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When you’re caring for someone, it can be easy to put their needs above your own. But it’s important you take action to look after yourself too.

Use this action plan to make the most of the support that’s out there, so you have the time, energy and money to live your life well.

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How to get support while caring

Find out what you can start doing to get the support you need as a carer.

  • Read our guide about caring

    Understanding your rights as a carer is your first step to getting support. If you haven’t already, read our guide
  • Get a needs assessment

    Contact your local authority for a free needs assessment of the person you’re caring for, as well as a carer’s assessment of your own needs.
    These assessments aim to consider both your needs to see what can be done to make life easier for you. For example, you’ll be asked about your health and how well you’re coping. The assessments will also look at whether you have the right equipment and aids to help you in your day-to-day tasks. Visit Carers UK to find out more about getting assessments.
    If you’ve already had an assessment but don’t believe the outcome is fair, you can challenge it.  
  • Ask for support from your employer

    Ask your employer what they're able to do to help support your dual role of carer and employee. Lots of organisations have support systems in place for working carers and even if they don't are often able to reduce your working hours or offer flexible working and reasonable adjustment.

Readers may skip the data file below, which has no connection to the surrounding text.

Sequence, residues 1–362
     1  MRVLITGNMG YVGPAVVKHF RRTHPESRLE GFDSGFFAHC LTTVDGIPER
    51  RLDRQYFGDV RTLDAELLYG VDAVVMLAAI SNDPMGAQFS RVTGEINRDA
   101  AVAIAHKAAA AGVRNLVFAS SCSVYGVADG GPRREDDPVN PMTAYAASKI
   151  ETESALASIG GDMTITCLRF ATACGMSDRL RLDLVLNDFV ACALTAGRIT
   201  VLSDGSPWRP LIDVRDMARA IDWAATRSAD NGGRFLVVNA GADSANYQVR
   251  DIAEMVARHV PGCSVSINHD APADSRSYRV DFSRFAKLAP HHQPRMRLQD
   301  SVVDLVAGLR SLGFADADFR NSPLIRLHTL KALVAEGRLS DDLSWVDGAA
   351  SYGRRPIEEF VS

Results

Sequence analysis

You could also ask for a career break if you need it. Many organisations also have employee-led networks made up of other people like you who are juggling their job and their caring responsibilities. Ask your HR department, or work colleagues if they know of any suitable networks you could join. 
  • Check which benefits are available for carers

    Find out which benefits are available to people who are carers or who are cared for.
    Carers often experience financial hardship as a result of their caring, by maximising your income you might be able to fund a break from caring, or help to pay for an agency nurse to give you respite.  
    If the person you care for has mobility problems, you may also be entitled to a blue badge so you can park in spaces assigned for those with a disability.
    Get more information from the NHS about accessing benefits for carers
  • Consider getting power of attorney

    If you think the person you care for might lose the mental capacity to make decisions for themselves, find out about setting up a 'power of attorney'.
    Anyone who’s 18 or older and has the mental ability to make decisions for themselves can arrange a power of attorney. This gives someone else the right to make these decisions for them in the future. To find out how to do this, go to Carers UK.
    Do keep in mind that the person must set up a power of attorney while they still have the ability to make their own decisions. If they lose this capacity, no-one else can make it for them.
  • Find out about aids, equipment and adaptions

    Find out more about the wide and increasing range of equipment, aids and adaptions to help you manage as a carer.